The most significant change in voting trends in the past half-century has been the realignment of the South from Democratic to Republican. White Southerners are no longer voting the way great granddaddy shot in the Civil War. They're supporting the party more in sync with their conservative values and beliefs -- and by doing so, have brought more ideological and geographic coherence to the electoral map.
(3) OK then, it's all about regions. In presidential elections, Republican totally dominate in an L-shaped swath of 26 states that runs horizontally through the South and vertically through the Great Plains and Mountain West. In 2004, President Bush carried the popular vote in this "L" by 58 percent-42 percent and the electoral votes by 232-0.
The Democrats, meantime, control the West Coast and the Northeast. In 2004, Mr. Kerry carried these regions by 55 percent-44 percent and their electoral votes by 194-5.
Yet there are limits to this rigid regional determinism. Some of the bluest states (California, New York, Massachusetts) have GOP governors, just as some of the reddest states are led by Democrats (Montana, Virginia).
And in many states, the urban-suburban-rural split is at least as important as the regional divide. In 2004, Mr. Kerry won seven states (Illinois, Michigan, Minnesota, Oregon, Pennsylvania, Washington and Wisconsin) by generating a big enough margin in the state's biggest city to overcome a sizable deficit in the rest of the state.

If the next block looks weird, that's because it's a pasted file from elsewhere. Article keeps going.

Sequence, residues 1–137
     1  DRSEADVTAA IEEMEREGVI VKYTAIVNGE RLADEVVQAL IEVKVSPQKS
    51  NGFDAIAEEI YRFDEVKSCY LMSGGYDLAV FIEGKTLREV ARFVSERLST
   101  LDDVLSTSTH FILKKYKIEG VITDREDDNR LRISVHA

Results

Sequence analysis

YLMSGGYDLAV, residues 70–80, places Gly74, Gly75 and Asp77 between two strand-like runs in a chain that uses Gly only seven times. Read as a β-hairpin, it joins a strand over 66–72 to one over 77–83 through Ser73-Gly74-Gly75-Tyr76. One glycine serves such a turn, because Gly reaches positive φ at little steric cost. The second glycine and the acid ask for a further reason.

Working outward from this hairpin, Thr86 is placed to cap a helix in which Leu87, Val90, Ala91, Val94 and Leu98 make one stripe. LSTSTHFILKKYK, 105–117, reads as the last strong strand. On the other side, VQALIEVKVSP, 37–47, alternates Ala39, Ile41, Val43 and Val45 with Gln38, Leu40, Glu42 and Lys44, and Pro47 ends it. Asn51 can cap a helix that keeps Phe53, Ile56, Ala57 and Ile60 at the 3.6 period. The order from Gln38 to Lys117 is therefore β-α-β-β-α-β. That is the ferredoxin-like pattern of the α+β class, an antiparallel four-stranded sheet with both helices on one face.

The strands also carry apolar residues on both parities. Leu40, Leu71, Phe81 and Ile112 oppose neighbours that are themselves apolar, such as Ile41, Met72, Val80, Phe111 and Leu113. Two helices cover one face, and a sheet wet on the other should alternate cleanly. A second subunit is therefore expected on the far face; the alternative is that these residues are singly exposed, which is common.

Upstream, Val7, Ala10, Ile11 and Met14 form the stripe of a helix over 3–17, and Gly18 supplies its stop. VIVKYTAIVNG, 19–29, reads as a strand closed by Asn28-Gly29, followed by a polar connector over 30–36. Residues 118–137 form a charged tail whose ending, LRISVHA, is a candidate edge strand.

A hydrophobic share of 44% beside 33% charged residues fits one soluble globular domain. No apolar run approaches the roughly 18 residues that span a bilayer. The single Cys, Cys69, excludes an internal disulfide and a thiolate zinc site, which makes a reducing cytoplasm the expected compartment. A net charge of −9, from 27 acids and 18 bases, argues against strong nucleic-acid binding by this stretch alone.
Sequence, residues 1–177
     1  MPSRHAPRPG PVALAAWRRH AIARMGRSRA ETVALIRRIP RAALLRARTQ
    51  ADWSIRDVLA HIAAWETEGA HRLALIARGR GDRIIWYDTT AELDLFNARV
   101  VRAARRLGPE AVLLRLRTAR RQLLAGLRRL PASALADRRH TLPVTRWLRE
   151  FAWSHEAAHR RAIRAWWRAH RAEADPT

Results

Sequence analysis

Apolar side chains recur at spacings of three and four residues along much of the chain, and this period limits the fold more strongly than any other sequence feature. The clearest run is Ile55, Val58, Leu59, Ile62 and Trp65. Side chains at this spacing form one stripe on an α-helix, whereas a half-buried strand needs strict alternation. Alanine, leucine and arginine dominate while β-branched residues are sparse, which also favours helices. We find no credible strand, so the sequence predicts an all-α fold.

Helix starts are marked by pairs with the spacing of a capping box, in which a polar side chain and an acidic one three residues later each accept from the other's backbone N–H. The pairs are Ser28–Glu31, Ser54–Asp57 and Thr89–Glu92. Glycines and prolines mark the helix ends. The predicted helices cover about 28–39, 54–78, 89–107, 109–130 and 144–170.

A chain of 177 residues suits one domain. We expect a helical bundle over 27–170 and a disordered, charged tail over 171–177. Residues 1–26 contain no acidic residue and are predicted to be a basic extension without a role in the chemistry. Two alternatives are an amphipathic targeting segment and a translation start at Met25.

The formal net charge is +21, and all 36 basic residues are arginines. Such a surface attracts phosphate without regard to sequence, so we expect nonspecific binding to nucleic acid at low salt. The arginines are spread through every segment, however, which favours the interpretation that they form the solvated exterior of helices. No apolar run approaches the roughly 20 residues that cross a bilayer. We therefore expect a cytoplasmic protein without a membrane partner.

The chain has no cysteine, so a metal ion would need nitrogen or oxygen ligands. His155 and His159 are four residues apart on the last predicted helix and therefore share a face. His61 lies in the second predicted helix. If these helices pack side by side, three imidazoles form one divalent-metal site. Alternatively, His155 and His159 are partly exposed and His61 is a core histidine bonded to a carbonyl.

(4) It's all about W. There's a "perfect storm" that acts as a multiplier on all the polarizing factors listed above -- and its name is George W. Bush.
A Pew Research Center public opinion survey earlier this summer found 88 percent of Republicans approved of the job Mr. Bush is doing as president, while 76 percent of Democrats disapproved. None of the other two-term presidents of the modern era were so polarizing. The comparable figures for President Nixon at this stage of his second term were 67 percent approval from Republicans and 65 percent disapproval from Democrats; for President Reagan, 87 percent approval from Republicans and 50 percent disapproval from Democrats; for President Clinton, 84 percent approval from Democrats and 58 percent disapproval from Republicans.
Presidents who win second terms usually in some aspect of their leadership style or policy agenda cut across cultural, ideological or regional divisions. Mr. Bush hasn't governed that way. He has staked out a conservative posture on virtually all major domestic and foreign-policy issues.
Pew's polling last year found Mr. Bush's assertive leadership in the war on terror the single most important reason for his victory in a high-stakes, high-turnout election. But the polling also found that Mr. Bush's going to war in Iraq made red places redder and blue places bluer.
Ten months later, as public support for the war recedes across the board, the county is still where it was last Nov. 2: a portrait in red and blue, led by a divider, not a uniter.
Paul Taylor is vice president of the Pew Research Center and editor of "Mapping the Political Landscape: 2005," from which this commentary is drawn. The book can be read at pewresearch.org.